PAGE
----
How to share information about cases of intimidation and reprisals
Quick guide on submitting information in
The mechanisms referred to below have developed specific ways to address and respond to allegations of intimidation and reprisal against those cooperating with them or with the UN in general in the field of human rights.
Please note that the informed consent of the alleged victim is a prerequisite for the information to be reported on and action to be taken.
Information about allegations of intimidation and reprisals can be shared with the respective mechanisms as follows:
Submissions on intimidation and reprisals
Submissions on either thematic trends and patterns or individual cases* are welcome all throughout the year, as indicated above. In addition, the deadline to receive information for the report of the Secretary-General on “Cooperation with the United Nations, its representatives and mechanisms in the field of human rights” -
Deadline: 1 May.
Reporting period - 1 June to 31 May
*submissions on incidents that take place during May will be accepted until
31 May. Contact for submissions -
More information and past reports - OHCHR reprisals webpage:
Guidelines for submission of Cases
The annual report of the Secretary-General summarizes main trends and contains a selection of cases brought to the attention of the UN, with the decision to include cases made on the basis of the principles of do no harm and informed consent. We would welcome contributions on either thematic trends and patterns or individual cases from the reporting period of
1 June to 31 May through
Before submitting your case information, please ensure that:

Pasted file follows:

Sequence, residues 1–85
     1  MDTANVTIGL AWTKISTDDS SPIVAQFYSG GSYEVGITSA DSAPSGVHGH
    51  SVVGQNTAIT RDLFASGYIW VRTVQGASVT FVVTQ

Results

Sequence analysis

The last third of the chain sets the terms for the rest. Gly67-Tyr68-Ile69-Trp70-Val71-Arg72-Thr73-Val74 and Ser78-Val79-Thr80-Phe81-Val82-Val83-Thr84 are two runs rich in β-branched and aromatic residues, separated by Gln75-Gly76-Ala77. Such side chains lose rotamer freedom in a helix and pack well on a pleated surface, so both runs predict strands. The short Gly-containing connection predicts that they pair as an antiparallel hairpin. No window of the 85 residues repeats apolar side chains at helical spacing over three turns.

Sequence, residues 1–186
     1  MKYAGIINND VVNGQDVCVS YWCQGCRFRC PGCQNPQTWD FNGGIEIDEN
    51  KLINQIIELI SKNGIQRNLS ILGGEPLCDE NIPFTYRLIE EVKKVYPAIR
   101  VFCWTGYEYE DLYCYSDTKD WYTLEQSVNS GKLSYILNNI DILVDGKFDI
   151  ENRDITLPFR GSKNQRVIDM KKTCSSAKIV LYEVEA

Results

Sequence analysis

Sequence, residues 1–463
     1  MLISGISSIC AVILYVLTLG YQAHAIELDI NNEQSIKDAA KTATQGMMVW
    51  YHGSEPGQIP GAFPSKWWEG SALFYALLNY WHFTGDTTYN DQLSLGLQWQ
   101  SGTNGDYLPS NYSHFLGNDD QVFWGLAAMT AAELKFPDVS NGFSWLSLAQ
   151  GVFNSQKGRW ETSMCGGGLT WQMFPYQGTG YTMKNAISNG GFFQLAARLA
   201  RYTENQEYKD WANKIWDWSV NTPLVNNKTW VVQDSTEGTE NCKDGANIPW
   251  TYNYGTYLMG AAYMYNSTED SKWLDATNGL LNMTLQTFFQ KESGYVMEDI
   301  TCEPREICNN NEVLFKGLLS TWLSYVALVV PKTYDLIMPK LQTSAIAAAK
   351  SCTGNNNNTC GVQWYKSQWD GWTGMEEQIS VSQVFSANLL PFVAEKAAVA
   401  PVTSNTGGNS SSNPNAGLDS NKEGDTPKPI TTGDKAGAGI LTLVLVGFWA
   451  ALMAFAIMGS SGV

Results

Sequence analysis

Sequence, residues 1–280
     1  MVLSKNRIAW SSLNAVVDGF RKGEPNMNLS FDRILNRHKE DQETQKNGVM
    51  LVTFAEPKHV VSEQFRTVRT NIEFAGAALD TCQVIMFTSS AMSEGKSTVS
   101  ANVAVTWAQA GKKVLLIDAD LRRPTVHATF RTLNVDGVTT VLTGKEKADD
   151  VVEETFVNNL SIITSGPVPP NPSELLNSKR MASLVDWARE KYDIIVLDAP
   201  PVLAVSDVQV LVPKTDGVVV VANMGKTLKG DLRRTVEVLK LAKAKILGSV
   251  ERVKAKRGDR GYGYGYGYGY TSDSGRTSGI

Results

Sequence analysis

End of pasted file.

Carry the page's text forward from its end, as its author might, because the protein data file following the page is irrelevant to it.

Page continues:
- There is a direct
link between the reported incident and the cooperation with the UN, and that the case falls within the scope of Human Rights Council resolution 12/2, namely reprisals or intimidation against those who:
(a) Seek to cooperate or have cooperated with the United Nations, its representatives and mechanisms in the field of human rights, or who have provided testimony or information to them;
(b) Avail or have availed themselves of procedures established under the auspices of the United Nations for the protection of human rights and fundamental freedoms, and all those who have provided legal or other assistance to them for this purpose;
(c) Submit or have submitted communications under procedures established by human rights instruments, and all those who have provided legal or other assistance to them for this purpose;
(d) Are relatives of victims of human rights violations or of those who have provided legal or other assistance to victims;
*Refer also to Human Rights Council resolution 42/28
Consent has been obtained from the alleged victim or his/her family to share the information and this is clearly indicated in your email, meaning: 1) the victim or his/her family has been informed and has understood the possible security risks and 2) the victim or his/her family has agreed to have his/her case included in the UN reprisals report (NOTE: case information may also be shared with OHCHR confidentially and for information only, and therefore will not be included in any report. Please indicate this clearly on your submission);
Please also note, where relevant:
- Whether the alleged act of intimidation or reprisal has been referred to in any
official UN publication (UN report, press release, public statement, video of UN conference etc.) and, if so, the reference to this publication, including document symbol number where relevant, is provided.